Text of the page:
The lessons of Limavady

The violent reaction of some within the unionist/ loyalist community to the efforts by Limavady Council to make the civic offices a neutral working environment expose once again the unwillingness of the unionist political leadership to cultivate a culture of mutual respect for the Irish nationalist/ republican identity of their neighbours. The dramatic language employed by unionist elements in the media, and political sphere, doubtlessly contributed to the presence of an angry mob at last night’s council meeting, which saw fit to verbally threaten and abuse two female Sinn Fein councillors, including a pensioner.

But what does the entire incident say about the attitude of unionists to the notion of a neutral working environment? And, given that we annually are witnesses to unionist politicians defending the ‘right’ of loyalists to burn the National flag of the Irish nationalist people, can we expect any other type of reaction before unionist political leaders publicly make a stand in defence of the equal legitimacy of expressions of the Irish nationalist identity in the six counties?

  • PaddyReilly

    If multicultural politics involves destroying the history of a place, well then it has no future.

    Two boys have been found rubbing linseed oil into the school cormorant. Now, some of you may feel that the cormorant does not play an important part in the life of the school, but I would remind you that it was presented to us by the Corporation of the town of Sudbury to commemorate Empire Day, when we try to remember the names of all those from the Sudbury area who so gallantly gave their lives to keep China British. So, from now on, the cormorant is strictly out of bounds!

  • The Dubliner

    “No political party in the North or South supports either partition or repartition. Surely even to you that conveys some kind of message. Or perhaps not.”

    Every political party in the Republic of Ireland and in Northern Ireland supports partition. Indeed, 95% of Irish people voted in a recent constitutional poll to remove the Republic’s territorial claim to Northern Ireland, thereby overwhelmingly endorsing partition. Two of your post-nationalist political parties in Northern Ireland are signatories to an international treaty, endorsed by both governments, that consolidates partition.

    Now, that aside, try answering this question: how can you be a nationalist when you do not support the concept of the nation state? Before you answer, try reading paragraph V of the GFA under ‘Constitutional Issues.’ There is a binding legal obligation, subject to ratification in a poll in the Republic of Ireland, on the government to act with “rigorous impartiality” in regard to both British nationalism and Irish nationalism. In case that isn’t obvious to you: a government that is partial to Irish nationalism, the default value of the Irish nation state, is not a government that is rigorously impartial. And a government which is not that of a nation state is not a government which exercises self-determination of behalf of a people: it is a non-nation-state. Ergo, if you support it, you are not, by definition, a nationalist. Which is why no Irish nationalist (i.e. those from the Republic of Ireland) will vote for the ghastly little document signed by the post-nationalist quislings and hacks in Northern Ireland.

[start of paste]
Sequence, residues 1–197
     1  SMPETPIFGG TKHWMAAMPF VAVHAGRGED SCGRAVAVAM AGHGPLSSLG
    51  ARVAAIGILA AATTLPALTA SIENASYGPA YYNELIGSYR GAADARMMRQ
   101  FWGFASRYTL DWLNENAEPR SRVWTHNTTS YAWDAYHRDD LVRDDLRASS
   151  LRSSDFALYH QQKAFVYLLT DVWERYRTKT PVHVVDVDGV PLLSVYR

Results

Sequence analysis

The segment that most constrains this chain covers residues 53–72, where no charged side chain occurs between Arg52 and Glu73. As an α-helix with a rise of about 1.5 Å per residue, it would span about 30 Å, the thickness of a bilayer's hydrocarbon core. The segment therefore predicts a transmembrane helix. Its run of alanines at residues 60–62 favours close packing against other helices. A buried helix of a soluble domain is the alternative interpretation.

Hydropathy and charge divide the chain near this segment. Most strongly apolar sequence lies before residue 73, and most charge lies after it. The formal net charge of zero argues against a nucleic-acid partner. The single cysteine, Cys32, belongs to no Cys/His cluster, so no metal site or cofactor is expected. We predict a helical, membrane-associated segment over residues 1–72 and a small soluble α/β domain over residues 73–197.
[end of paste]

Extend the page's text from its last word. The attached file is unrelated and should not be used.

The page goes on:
To paraphrase The Dubliners, “Thank g-d there’s a border between us.” 😉

  • lib2016


    Not only all political parties in the South but also the parties supported by nearly 50% of the Northern electorate describe themselves as Irish republican.

    It is good of you to point out that they are all wrong and that you are correct. Don’t forget to come back and tell us if you ever find anyone who agrees with you.

    You seem to equate the necessity to make war or maybe it is just the necessity to make bellicose speeches about achieving a thirty-two county republic with support for the nation state. No doubt a case could have been made for that point of view a century ago. Now there are many friendly links between Ireland and England and we are economic, political and in many ways cultural partners.

    Our differences can and will be settled peacefully. I believe that if there is no democratic support for a UI then a UI shouldn’t exist and I say that as a convinced Irish republican. My faith in democracy and with it my faith in the Irish people, unionist and republican, comes first.